Last week I saw this interesting post, concerning an article written by a US Peace Corps volunteer stationed to Ghana. It details various ways in which greetings take place and the verbal and behavioral traits that attend various sorts of greetings.
We also learn:
While I understand the difficulty of not being fascinated by the novel, both the description at the top of the above photo (undoubtedly written by whichever NPR staffer got stuck with Facebook duties that day) and little nuggets like the above quotation read to me like observations made by someone who is unaware that none of this is all that new — someone who can’t see just how familiar the exotic is.
For while we certainly don’t squat when greeting someone of higher status, our hellos in, say, North America and Europe nonetheless involve a no less complex series of verbal and physical responses that would surely strike the uninitiated as curiously exotic. From the many ways of shaking hands (think about it, there’s lots of ways to screw this up) or
cocking the head back and raising the eyebrows while saying “What’s up?” as you pass an acquaintance of equal social status (not staying long enough to get any answer but wanting only to hear the question repeated back to you) to the controlled intimacy of both the bro hug and the air kiss (just once? once per cheek? Three times in Switzerland?! Which gender gets to kiss which gender? And do you actually kiss or just rub cheeks?)…,
well, we have all sorts of complicated things going on when we signal our recognition of someone else. And to the trained eye one could easily determine our social standing in a particular group just by the way we enter and leave it — what is said, by and to whom, and what happens with those bodies, those eyes….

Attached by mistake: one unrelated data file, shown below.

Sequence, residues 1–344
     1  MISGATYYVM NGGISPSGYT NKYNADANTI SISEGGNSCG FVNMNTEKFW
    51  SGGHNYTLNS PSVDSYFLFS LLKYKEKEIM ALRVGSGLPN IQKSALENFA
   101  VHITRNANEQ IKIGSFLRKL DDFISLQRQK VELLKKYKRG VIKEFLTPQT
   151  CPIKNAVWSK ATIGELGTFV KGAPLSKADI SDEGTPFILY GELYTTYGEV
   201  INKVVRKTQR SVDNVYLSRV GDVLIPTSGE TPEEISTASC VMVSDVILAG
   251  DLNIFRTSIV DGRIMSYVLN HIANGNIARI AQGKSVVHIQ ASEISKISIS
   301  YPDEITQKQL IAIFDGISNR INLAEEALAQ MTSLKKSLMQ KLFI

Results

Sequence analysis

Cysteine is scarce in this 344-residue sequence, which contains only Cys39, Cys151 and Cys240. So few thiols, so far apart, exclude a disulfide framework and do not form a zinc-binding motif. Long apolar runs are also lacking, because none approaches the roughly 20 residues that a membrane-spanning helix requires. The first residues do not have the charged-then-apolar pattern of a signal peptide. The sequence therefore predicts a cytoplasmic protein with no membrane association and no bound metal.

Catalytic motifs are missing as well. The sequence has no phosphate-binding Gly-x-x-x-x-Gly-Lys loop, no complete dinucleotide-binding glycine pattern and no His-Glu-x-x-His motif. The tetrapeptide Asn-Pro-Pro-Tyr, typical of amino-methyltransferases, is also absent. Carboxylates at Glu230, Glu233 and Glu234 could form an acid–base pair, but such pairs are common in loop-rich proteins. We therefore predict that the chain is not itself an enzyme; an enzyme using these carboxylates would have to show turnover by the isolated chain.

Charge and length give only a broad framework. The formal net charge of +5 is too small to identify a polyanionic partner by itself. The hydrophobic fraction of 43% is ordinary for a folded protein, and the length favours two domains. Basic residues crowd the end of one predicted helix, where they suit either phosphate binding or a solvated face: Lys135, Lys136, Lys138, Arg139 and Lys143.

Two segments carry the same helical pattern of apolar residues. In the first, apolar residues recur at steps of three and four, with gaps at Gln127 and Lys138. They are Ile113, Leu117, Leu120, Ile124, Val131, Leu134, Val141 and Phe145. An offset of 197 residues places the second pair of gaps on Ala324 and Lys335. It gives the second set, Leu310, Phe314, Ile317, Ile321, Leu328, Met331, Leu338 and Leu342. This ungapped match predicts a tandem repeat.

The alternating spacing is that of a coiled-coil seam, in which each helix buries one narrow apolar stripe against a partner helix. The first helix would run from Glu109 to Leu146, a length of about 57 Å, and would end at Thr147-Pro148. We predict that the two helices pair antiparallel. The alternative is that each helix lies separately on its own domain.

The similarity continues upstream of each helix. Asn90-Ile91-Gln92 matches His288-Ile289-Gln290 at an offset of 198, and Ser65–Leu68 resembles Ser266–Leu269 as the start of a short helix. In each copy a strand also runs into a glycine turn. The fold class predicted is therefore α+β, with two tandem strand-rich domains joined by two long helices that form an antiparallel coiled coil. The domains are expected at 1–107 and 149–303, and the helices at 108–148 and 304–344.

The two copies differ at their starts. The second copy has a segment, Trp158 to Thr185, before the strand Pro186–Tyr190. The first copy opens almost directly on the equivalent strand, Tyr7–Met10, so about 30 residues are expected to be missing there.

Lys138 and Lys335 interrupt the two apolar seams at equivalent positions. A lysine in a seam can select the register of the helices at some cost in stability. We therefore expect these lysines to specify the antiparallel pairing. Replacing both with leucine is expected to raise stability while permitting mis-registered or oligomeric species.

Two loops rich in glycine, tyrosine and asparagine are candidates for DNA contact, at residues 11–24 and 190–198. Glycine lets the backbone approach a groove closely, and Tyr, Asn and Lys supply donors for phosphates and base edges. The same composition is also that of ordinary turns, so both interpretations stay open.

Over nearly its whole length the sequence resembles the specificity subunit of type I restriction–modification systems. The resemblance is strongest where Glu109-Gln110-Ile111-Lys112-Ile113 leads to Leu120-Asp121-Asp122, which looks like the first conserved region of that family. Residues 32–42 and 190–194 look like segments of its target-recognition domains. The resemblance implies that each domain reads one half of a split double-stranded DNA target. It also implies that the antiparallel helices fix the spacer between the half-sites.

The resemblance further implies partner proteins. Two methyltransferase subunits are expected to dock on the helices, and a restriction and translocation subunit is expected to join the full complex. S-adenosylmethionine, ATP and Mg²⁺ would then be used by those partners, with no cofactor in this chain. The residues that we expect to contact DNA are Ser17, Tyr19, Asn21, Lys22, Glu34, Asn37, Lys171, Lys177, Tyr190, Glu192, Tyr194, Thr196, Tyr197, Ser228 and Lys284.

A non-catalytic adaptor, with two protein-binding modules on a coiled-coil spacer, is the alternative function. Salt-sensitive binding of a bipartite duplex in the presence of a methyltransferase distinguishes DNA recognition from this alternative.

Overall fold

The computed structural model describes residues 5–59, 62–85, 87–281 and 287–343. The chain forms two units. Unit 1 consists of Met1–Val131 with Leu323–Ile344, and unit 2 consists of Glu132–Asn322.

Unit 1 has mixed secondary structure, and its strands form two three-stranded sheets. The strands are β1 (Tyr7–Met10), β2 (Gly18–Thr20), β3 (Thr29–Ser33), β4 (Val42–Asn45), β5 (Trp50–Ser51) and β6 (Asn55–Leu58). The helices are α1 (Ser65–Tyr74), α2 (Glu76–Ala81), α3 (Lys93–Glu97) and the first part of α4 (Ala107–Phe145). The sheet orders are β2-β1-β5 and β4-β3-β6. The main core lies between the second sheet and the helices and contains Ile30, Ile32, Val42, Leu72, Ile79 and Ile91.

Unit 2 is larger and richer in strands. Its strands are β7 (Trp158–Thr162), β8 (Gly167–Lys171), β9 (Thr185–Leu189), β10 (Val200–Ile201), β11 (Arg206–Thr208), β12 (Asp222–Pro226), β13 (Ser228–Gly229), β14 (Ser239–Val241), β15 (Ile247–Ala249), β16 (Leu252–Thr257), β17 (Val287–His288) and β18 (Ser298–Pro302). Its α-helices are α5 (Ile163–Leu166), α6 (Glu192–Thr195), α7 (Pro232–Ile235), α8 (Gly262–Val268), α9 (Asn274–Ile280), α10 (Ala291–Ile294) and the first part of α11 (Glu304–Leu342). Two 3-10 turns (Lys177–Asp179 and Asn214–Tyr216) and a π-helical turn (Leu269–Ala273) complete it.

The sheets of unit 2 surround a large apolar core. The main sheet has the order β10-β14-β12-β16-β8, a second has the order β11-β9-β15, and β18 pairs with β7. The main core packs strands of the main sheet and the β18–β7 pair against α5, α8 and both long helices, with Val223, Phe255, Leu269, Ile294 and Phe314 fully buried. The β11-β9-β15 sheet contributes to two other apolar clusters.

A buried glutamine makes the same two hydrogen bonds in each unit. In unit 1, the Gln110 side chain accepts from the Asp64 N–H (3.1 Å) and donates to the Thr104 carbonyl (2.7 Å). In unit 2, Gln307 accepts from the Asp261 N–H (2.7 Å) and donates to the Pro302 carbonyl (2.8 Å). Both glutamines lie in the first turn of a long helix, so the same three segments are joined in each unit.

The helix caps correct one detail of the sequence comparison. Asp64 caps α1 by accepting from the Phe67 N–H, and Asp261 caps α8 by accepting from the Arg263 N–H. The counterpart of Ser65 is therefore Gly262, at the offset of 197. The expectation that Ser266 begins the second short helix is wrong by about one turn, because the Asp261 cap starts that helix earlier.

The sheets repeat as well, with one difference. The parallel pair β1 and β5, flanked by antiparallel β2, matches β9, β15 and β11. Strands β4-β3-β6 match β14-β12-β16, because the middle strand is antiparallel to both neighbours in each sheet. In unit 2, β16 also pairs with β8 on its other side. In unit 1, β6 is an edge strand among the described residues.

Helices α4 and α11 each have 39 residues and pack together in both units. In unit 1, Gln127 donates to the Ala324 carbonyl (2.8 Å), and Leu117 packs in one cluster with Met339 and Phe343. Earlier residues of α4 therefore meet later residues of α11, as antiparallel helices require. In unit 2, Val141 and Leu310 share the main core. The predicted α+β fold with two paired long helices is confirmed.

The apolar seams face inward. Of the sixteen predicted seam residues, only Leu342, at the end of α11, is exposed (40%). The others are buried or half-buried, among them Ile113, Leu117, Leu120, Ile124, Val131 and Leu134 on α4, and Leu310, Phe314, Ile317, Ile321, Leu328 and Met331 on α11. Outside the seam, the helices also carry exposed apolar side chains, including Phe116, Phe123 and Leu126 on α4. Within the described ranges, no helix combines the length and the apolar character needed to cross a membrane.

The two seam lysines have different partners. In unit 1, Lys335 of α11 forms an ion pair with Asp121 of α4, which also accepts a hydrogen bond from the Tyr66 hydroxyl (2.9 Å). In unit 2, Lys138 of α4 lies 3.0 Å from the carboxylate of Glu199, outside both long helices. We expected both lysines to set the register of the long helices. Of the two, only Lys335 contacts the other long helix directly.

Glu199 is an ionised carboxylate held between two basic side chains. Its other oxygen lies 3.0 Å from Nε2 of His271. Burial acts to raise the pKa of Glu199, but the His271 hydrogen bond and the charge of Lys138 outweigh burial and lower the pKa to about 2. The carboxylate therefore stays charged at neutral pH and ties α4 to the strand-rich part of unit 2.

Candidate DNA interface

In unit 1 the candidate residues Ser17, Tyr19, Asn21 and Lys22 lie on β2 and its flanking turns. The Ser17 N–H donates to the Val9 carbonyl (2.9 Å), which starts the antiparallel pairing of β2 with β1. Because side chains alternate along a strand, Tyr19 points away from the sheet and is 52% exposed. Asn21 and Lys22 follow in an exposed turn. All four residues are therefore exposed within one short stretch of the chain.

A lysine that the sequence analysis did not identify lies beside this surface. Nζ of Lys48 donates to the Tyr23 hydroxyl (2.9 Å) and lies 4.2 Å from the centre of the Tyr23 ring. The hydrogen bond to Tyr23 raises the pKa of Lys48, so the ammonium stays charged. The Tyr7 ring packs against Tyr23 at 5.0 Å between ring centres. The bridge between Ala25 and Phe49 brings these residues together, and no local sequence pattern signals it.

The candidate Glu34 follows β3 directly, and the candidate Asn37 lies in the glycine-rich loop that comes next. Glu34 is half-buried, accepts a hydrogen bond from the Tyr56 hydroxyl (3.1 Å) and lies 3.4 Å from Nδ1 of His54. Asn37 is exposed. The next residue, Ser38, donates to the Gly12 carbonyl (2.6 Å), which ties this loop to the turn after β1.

For example, should you have enough context then you might understand that Michael kissing his brother Fredo was not just any old greeting.
Or consider how John Kerry was recently lampooned for his attempt to convey, what?, sincerity, perhaps grief or maybe empathy, when he traveled to Paris sometime after the killings at Charlie Hebdo and after the demonstrations — lots was going on in that late greeting (some of it a fail, admittedly, and some an apparent contest between the two greeters).
What I therefore find interesting in that brief blog post on Ghana is how the complexity and nuance of the familiar are normalized in the fascination with the strange; for only if we fail to see just how crucial it is to respond to a greeting here — even if you just repeat it back to someone, saying “How’re ya doin’?” without ever answering the question — would we find it noteworthy to point out how “they” are seriously insulted if their greeting is ignored.
So, the next time someone says “Hi” — whether a peer, a younger sibling, or a social superior — try walking straight by without acknowledging them, or, better yet, fail to send a high ranking dignitary to a unity march held by a wounded ally who helped you found your country in the first place, and see how that works out for you.